The Future of Open Source Underwater Glider

The most amazing part of this project is the level of openness and documentation Alex has achieved. He has a plan to test and improve upon the current design. The $50,000 grand prize will certainly help open some doors, but ultimately he needs to take the prototype out for open water testing and there the level of complexity will grow very rapidly.

The most successful open source and open hardware projects don’t hinge on one person, but leverage the excitement, experience, and support of teams of people. We’ve already seen folks with vast experience in this realm lending their support in the comments of Alex’s project page. If you are interested in this project, reach out to Alex and let him know. Let’s build up a community for this project and continue the work to Build Something that Matters.

10 thoughts on “An Interview with Alex Williams, Grand Prize Winner

  1. Continually blown away by this project. I built a few rather miserable ROVs in my younger days as my parents had at place at the shore, so this really resonates with me. His buoyancy setup is so elegant, I can’t believe the nonsense I was trying to rig up with thrusters and pressurized air…

    1. Thanks! I’ve really loved working on it and have put countless hours into the development and documentation of the glider, so it’s great to see the reception it’s getting. There were a couple of syringe based systems out there (mainly a servo on the end of a modified syringe) but I tried my best to iterate upon this and build a complete system. Also, the 6 syringes inside the 4″ tubing also means that the buoyancy engine is rather compact and has a rather “industrial” feel to it :-D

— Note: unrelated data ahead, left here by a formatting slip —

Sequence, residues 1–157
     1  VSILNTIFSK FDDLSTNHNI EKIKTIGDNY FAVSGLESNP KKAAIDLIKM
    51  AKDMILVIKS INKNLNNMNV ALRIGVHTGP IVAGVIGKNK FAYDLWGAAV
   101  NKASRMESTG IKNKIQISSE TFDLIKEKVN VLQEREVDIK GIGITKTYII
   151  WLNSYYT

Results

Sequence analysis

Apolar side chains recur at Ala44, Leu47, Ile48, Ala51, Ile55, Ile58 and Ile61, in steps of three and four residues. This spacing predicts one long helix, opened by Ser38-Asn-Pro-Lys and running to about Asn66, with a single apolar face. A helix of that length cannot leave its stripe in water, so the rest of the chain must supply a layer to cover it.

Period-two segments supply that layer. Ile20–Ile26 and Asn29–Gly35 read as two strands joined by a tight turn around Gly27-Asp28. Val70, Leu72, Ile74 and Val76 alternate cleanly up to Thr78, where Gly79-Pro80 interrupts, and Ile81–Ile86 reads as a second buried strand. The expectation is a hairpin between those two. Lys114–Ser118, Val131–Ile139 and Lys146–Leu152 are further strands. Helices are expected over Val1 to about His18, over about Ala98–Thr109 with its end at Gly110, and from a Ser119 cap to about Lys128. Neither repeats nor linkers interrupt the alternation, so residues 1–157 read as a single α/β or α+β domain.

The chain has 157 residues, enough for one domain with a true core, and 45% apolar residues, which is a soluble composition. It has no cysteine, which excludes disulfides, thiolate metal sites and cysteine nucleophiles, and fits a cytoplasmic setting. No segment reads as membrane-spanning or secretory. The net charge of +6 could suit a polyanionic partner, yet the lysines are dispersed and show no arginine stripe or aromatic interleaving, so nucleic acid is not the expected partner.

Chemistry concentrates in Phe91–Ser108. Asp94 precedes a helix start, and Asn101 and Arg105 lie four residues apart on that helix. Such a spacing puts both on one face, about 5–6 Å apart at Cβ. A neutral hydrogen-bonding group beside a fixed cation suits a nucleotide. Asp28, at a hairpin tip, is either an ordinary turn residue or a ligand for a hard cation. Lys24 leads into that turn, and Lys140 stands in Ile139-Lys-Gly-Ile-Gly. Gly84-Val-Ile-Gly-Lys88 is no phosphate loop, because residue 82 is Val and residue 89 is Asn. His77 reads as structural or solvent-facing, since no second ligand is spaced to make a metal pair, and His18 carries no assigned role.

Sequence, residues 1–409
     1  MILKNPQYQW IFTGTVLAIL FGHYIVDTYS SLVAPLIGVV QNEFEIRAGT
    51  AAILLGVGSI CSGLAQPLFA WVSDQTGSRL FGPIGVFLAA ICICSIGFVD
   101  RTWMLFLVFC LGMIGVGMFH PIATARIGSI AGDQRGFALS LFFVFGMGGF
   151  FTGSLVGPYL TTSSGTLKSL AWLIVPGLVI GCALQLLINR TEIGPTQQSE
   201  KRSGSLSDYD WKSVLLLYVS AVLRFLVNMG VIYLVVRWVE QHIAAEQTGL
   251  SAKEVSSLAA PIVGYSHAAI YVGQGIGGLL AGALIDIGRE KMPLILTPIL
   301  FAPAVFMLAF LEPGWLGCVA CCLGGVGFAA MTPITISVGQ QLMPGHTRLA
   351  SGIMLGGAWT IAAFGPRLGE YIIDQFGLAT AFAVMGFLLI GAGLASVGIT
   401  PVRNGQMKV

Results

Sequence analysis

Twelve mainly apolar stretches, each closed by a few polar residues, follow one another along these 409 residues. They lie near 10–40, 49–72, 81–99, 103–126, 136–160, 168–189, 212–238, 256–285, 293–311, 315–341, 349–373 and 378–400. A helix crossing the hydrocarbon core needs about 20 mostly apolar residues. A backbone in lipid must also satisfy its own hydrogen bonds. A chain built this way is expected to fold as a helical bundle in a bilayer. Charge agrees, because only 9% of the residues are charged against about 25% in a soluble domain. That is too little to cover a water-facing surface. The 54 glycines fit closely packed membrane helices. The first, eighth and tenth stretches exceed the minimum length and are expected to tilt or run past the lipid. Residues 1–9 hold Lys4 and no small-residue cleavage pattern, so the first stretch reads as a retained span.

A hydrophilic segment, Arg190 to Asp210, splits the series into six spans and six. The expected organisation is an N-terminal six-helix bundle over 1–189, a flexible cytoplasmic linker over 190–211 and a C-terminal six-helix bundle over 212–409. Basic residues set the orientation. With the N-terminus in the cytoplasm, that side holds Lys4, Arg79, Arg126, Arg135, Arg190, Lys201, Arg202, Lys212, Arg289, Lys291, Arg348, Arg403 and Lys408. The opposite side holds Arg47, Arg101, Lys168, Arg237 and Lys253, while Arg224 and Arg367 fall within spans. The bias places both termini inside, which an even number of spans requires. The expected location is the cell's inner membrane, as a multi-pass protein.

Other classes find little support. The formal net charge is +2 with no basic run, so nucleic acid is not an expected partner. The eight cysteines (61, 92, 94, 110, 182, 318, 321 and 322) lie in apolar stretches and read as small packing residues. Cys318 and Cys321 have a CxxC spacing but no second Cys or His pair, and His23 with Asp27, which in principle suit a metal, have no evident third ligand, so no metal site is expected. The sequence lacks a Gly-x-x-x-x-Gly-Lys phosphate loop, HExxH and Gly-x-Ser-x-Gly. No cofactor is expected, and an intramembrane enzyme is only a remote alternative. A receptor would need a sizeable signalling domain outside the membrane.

2. Alex,
    Great job! Congratulations!
    Interesting design. Has anyone tried shifting the center of gravity using a fixed weight inside the UAV in conjunction with the syringe pump? (For instance using a weight on a cable that moves the weight forward and aft)
    It’s surprisingly how much the UAV reminds me of a dolphin swimming in the water.

    1. Cheers! The glider currently has a mass that can move forward/back and rotate to move the centre of mass to affect pitch/roll. The glider will soon have a PID algorithm so that it maintains a constant angle of attack in the water using the mass and I will more extensively test the roll to turn when I have access to a larger body of water. The pitch system in action here:

  3. Hey Alex, sorry to hear that the Cambridge course is still so theoretical. The lab work in the first 2 years was good fun I thought but I found most of the course to be more of a course in applied maths than any actual engineering. The token gesture of the IDP (end of 2nd year) was okay but you still weren’t given much freedom. Let’s hope somewhere in the UK offers you a place (and we don’t get more brain drain to the US). I think Cambridge really excels for post-grads in engineering. They get a lot of brilliant people onto the undergrad course then don’t let them stretch their creative wings.